Reviewed by Nell Beram
Review Source: Shelf-Awareness
Book Author: Matt de la Peña
Matt de la Peña and Christian Robinson’s Milo Imagines the World, like their justifiably celebrated Last Stop on Market Street, centers on a child’s regular ride on public transportation to a destination initially unknown to readers. But while Market Street‘s CJ asks his grandmother why they’re going where they’re going, Milo Imagines the World‘s chartreuse-capped, bespectacled young protagonist is resigned to his circumstance and the accompanying agitation: “These monthly Sunday subway rides are never-ending, and as usual, Milo is a shook-up soda.”
To pass the time while his older sister is absorbed by her phone, Milo people-watches, using a notebook to record the places he imagines his fellow passengers going after they reach their stops. For a boy wearing a suit and tie, Milo imagines “the clop clop clop of the horse-drawn carriage that will carry him to his castle.” For a trio of break-dancers who cavort in Milo’s train car and who, like him, aren’t white, he glumly foresees that “even after the performances are over, faces still follow their every move. When they walk down the electronics aisle at the department store./ When they cross into the fancy neighborhood.” Continue reading.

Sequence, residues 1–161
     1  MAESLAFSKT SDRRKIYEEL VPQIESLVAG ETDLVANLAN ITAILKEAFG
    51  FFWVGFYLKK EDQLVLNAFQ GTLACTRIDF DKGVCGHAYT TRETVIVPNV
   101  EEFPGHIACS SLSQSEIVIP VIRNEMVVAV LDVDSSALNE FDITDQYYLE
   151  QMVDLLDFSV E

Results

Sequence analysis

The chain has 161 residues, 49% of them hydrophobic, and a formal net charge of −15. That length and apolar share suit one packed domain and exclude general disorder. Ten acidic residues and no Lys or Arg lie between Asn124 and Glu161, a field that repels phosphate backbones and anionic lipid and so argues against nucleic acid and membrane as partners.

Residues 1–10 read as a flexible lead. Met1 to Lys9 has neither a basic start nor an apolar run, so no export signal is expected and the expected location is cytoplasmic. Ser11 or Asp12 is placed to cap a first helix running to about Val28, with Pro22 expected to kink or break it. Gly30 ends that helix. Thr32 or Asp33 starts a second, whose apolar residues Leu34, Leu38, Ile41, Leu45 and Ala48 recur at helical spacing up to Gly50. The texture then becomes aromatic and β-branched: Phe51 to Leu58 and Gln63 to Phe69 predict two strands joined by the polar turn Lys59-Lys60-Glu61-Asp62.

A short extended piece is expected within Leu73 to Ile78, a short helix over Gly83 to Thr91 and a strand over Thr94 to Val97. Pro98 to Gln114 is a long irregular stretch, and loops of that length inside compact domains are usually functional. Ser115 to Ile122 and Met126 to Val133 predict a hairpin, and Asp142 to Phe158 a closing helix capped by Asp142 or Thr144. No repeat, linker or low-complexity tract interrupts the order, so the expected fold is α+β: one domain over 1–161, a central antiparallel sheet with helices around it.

Milo Imagines the World by Matt de la Peña
Published by Penguin on 2021
Genres: Art, Criminal Justice, Family, Incarceration
Reading Level: Grade K, Grades 1-2, Grades 3-5
Review Source: Shelf Awareness
Also by this author: Last Stop on Market Street, Love
The team behind the Newbery Medal winner and Caldecott Honor book Last Stop on Market Street and the award-winning New York Times bestseller Carmela Full of Wishes once again delivers a poignant and timely picture book that's sure to become an instant classic.
Milo is on a long subway ride with his older sister. To pass the time, he studies the faces around him and makes pictures of their lives. There's the whiskered man with the crossword puzzle; Milo imagines him playing solitaire in a cluttered apartment full of pets. There's the wedding-dressed woman with a little dog peeking out of her handbag; Milo imagines her in a grand cathedral ceremony. And then there's the boy in the suit with the bright white sneakers; Milo imagines him arriving home to a castle with a drawbridge and a butler. But when the boy in the suit gets off on the same stop as Milo — walking the same path, going to the exact same place — Milo realizes that you can't really know anyone just by looking at them.
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